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Obama Speech Evokes Emotional Moments in Tucson

January 13, 2011 at 12:00 AM EDT
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Tom Bearden reports from Tucson on thoughts and feelings after President Obama's speech remembering the victims of Saturday's shooting rampage.
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JUDY WOODRUFF: Now: reaction to last night’s memorial service and the president’s remarks.

We begin with a report from NewsHour correspondent Tom Bearden, who was at the Tucson event and spoke with members of the community afterward.

(CHEERING AND APPLAUSE)

TOM BEARDEN: There were many more people who wanted to attend the memorial service than the auditorium could hold.So, officials directed the overflow to the nearby football stadium, where people watched on the scoreboard screen as the temperature steadily dropped.

This crowd of about 15,000 is somewhat subdued.The loudest applause lines came when the president introduced the people who had come to the congresswoman’s aid.

U.S. PRESIDENT BARACK OBAMA:These men and women remind us that heroism is found not only on the fields of battle.They remind us that heroism does not require special training or physical strength.Heroism is here, in the hearts of so many of our fellow citizens, all around us, just waiting to be summoned, as it was on Saturday morning.

TOM BEARDEN: Mic Denfeld watched with tears in her eyes.She teaches writing at Pima Community College, the school that suspended accused gunman Jared Loughner.

MIC DENFELD, teacher, Pima Community College:Yes, I’m tearful.I’m in such pain over the death of the child, too.It was like the crowning thing on the whole tragedy of saying, this child — our whole future is the child.I teach those young adults.I love all of them.They’re going to go forth in the world.They’re going to do the most tremendous things that you’ve ever seen.I believe that.I wouldn’t be doing what I’m doing.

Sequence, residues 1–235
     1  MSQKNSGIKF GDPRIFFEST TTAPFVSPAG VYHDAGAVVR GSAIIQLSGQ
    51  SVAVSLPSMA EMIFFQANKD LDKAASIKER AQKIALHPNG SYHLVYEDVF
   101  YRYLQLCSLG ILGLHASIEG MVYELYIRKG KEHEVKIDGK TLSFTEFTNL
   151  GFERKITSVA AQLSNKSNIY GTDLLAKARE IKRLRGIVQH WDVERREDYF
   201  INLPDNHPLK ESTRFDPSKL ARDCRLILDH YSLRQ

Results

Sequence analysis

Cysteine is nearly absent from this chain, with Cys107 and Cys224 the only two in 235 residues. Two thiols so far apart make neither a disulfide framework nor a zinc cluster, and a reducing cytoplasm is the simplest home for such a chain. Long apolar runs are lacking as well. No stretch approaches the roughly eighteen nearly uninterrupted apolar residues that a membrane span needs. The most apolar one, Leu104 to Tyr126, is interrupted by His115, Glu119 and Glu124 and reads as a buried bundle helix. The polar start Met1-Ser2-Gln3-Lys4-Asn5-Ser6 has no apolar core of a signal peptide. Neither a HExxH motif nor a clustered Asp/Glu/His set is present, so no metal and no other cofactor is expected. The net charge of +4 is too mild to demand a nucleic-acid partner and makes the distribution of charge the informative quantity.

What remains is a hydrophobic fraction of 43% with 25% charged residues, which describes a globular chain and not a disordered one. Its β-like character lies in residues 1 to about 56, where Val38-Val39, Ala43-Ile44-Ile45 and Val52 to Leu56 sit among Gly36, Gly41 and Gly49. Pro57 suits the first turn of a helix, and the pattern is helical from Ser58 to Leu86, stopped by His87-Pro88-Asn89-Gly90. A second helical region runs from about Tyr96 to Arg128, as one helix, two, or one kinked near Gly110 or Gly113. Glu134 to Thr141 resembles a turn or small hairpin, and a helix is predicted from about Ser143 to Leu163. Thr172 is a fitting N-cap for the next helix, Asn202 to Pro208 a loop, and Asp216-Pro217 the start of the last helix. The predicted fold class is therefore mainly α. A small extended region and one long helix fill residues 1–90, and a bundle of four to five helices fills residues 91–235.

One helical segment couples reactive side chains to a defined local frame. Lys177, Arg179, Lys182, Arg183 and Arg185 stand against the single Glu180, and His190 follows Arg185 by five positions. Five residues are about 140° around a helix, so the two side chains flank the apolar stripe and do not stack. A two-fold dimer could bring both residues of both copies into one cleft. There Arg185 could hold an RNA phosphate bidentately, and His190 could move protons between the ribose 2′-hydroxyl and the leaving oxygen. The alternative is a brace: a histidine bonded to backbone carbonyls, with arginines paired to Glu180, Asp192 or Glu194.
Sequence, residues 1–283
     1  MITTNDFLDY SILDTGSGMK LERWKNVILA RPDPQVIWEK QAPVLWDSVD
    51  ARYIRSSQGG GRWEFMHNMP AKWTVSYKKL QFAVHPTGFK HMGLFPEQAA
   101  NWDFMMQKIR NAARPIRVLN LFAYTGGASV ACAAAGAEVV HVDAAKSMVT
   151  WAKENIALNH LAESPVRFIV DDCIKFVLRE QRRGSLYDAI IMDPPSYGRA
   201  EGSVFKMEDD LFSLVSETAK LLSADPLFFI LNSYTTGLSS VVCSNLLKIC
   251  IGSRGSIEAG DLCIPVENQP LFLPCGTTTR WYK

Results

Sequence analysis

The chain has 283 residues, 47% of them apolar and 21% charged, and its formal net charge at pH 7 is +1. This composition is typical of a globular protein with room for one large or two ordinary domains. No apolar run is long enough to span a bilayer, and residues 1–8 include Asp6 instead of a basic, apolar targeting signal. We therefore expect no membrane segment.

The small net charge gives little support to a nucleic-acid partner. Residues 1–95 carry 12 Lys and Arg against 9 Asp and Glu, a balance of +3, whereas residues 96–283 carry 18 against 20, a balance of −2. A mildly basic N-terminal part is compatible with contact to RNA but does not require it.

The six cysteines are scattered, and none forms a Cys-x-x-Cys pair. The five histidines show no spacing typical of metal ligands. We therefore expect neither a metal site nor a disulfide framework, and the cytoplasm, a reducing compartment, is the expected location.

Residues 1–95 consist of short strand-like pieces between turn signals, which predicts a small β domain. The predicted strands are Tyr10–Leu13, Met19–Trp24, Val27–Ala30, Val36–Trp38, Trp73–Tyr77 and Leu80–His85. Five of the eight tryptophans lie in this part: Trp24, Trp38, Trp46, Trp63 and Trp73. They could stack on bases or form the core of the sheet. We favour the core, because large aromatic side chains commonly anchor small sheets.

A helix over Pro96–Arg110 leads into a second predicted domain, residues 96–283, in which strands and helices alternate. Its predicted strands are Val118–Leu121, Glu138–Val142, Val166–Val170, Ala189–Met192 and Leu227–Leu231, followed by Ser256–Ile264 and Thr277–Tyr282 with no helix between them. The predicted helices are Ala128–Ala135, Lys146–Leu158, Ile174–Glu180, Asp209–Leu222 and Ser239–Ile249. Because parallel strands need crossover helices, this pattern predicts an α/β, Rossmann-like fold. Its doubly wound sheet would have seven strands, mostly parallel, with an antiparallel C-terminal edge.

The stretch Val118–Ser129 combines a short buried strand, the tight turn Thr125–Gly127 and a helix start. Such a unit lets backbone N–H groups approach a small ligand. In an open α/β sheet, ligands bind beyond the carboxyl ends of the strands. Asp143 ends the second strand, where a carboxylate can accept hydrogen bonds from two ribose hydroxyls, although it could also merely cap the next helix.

So, is it emotional?Oh, yes.And to have the president come, the president of the United States, is so incredible to me.So, yes, tears.Yay.I’m glad I feel.I hope everybody feels it.I hope you do and all of yours.

TOM BEARDEN: Dennis Palmer was having trouble with his emotions, too, particularly when the president talked about 9-year-old Christina Taylor Green, one of the people who died in the burst of gunfire on Saturday.

BARACK OBAMA: In Christina, we see all of our children, so curious, so trusting, so energetic, so full of magic, so deserving of our love, and so deserving of our good example.

If this tragedy prompts reflection and debate, as it should, let’s make sure it’s worthy of those we have lost.

DENNIS PALMER, businessman:It just hit home for some reason.I can’t explain it.You know, so, I can’t explain it.It was just something that hit home with me.

Well, I just wanted to be part of the healing process that the city and the state of Arizona is going through.Personally, I just wanted to show my support for the victims that lost their lives on Saturday.And, for myself, too, just for a personal — I wanted to be part of what was going on tonight, so I could personally deal with what happened this last Saturday.

TOM BEARDEN: One of the most emotional moments of the night came when the president delivered the news about Congresswoman Gabrielle Giffords.

BARACK OBAMA: Right after we went to visit, a few minutes after we left her room and some of her colleagues from Congress were in the room, Gabby opened her eyes for the first time.

(CHEERING AND APPLAUSE)

BARACK OBAMA: Gabby opened her eyes for the first time.

(CHEERING AND APPLAUSE)

BARACK OBAMA: Gabby opened her eyes.

(CHEERING AND APPLAUSE)

BARACK OBAMA: Gabby opened her eyes, so I can tell you, she knows we are here, she knows we love her, and she knows that we are rooting for her through what is undoubtedly going to be a difficult journey.We are there for her.

(CHEERING AND APPLAUSE)

TOM BEARDEN: Retired architect Lorenzo Cotton said the president’s speech was powerful.

LORENZO COTTON, retired architect:I thought the way he made it personal for all the events personalized it, the people that had got injured, and then the touching part where he let the nation know that Congresswoman Giffords had opened her eyes for the first time.

TOM BEARDEN: Much of the president’s speech called for a greater level of civility.And, on this night, many in the crowd we spoke with agreed.